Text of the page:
It never seems to amaze us when it comes to stupidity on New Jersey roads. This one almost ranks up there with the idiots who speed up the shoulder in traffic just so they can pass everyone.

We'll send a message to those drivers in a moment. Not that speeding up a shoulder is the same as swerving across lanes, but because the reason behind the swerving was in the same category as the driver feeling like they could do whatever they want.

With that said, what was the deal with this particular driver? Why were they swerving like they were drunk?

Whelp, this was witnessed one Monday morning in December. It was rush hour, so naturally, many people were on the road trying to get to work.

I was among these commuters on Route 35 in Middletown. All was going well until I saw this car up ahead that almost drove right into the median.

Then, it swerved back and went halfway into the right lane, almost hitting another car that was there. Luckily, the other driver noticed and was able to avoid a collision.


After that, the car jerked back toward the left before stopping for a red light. I was still a few cars back and couldn't get a good view as to what might be going on with this driver.

After the light turned green, it had a delayed reaction before finally starting to move again. But when it did begin to move, it swerved a bit to the left before going into the right lane.

Fortunately, this person avoided hitting others once again. After that, it swerved into the shoulder. What in the world was up with this driver?

Colorful question marks on a black background

At this point, I was able to approach this car in the left lane. This driver's speed wasn't exactly consistent which made it easier for people in the other lane to get past them.

My honest initial guess was that this person was drunk. With the way the car was maneuvering, it wouldn't be a surprise.

But nope, that wasn't it at all. Right when I got to the side of them, it was clear as day what was happening.

First off, it was a male driver who looked to be in his 30s or so, and he looked angry. And what was he doing? He was on his damn phone.


But not holding it to his ear. It was one of those larger phones and he was looking straight at the screen, holding it with one hand.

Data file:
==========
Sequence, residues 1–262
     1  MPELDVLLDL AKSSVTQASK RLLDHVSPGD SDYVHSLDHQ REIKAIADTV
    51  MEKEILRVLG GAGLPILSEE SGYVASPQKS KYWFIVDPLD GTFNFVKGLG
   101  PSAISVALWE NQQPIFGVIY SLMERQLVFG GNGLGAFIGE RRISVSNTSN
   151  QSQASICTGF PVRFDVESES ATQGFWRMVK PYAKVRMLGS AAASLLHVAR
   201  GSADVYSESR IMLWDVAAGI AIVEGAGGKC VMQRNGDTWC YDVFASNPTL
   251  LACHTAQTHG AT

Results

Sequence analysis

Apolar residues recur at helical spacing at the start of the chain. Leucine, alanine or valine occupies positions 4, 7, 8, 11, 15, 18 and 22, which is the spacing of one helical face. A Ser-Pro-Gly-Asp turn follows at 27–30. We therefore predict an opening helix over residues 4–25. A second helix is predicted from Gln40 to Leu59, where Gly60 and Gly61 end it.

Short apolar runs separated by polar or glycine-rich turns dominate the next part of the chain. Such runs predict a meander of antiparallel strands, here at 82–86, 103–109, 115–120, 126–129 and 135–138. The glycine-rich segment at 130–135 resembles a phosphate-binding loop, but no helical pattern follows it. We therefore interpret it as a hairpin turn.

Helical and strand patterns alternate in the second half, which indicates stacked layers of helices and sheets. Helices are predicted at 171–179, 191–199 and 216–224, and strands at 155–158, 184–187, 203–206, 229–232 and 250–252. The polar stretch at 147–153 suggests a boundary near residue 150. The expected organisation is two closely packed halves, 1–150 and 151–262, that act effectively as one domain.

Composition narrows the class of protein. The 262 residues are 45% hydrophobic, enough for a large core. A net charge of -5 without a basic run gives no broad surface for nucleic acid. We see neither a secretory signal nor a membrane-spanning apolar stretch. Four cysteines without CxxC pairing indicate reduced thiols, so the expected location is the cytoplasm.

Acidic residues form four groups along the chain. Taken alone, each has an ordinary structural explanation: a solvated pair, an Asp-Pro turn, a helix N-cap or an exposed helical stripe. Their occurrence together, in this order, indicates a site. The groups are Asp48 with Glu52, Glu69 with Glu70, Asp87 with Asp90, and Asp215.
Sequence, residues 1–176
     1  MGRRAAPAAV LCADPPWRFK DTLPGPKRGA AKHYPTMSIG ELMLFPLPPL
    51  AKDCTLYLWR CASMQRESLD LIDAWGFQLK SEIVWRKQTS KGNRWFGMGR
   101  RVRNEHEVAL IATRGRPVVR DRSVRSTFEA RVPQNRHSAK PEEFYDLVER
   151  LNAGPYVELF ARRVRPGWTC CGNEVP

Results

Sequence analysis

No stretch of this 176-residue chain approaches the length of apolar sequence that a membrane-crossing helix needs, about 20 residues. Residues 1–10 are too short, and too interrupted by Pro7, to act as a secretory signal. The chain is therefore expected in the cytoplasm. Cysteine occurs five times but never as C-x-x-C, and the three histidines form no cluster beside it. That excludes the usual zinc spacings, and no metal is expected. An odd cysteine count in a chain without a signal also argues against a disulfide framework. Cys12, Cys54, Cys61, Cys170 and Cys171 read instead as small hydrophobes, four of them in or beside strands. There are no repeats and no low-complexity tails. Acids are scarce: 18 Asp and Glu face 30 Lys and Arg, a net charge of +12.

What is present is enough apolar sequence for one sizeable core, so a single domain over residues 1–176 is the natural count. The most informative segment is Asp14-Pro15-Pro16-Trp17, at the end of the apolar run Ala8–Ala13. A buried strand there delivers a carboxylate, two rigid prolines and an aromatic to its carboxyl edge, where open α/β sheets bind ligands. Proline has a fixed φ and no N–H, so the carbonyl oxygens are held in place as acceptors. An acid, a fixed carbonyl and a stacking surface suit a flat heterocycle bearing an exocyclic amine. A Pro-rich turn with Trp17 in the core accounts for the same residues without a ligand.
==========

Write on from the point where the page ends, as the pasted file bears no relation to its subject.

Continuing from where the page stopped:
So he wasn't drunk from what I can tell but was incredibly stupid and reckless. And he was doing that in the middle of the morning rush hour.

Was whatever he was looking at on his screen that important to the point he was endangering himself and others? I doubt it.

cell phone bumper sticker
(Tom Keck/Getty Images)

Look, we have wireless and Bluetooth connections for a reason. If you must be on the phone, use one of those methods, or put the phone on speaker.

But there's absolutely no reason to be glued to the screen while trying to drive a vehicle. I have no idea if this guy eventually got into an accident or pulled over, but he had plenty of close calls during the short period I was near him.

Please, don't be stupid. Whatever business it is, it can wait. Get off the highway or pull over if you must view your screen.

Speaking of pulling over, let's talk about those of you who feel the shoulder is a passing lane rather than a spot for cars to stop. I'm sure the driver above also falls into this category as someone who feels they can do whatever the hell they want on the road.

Shoulder of 295 near Hamilton (Photo: Google Maps, Canva, Townsquare Media Illustration)
Shoulder of 295 near Hamilton (Photo: Google Maps, Canva, Townsquare Media Illustration)

A note to NJ drivers that speed up the shoulder to avoid traffic

A special message for those driving in New Jersey who treat the shoulder as their own personal lane.

Gallery Credit: Mike Brant

Reasons why some NJ drivers won't turn right on red

Unless there's a sign telling you otherwise, turning right on red in NJ is perfectly legal. But why are some hesitant to do so? Let's take a look at a few plausible reasons.

Gallery Credit: Mike Brant

The above post reflects the thoughts and observations of New Jersey 101.5 Sunday morning host Mike Brant. Any opinions expressed are his own.

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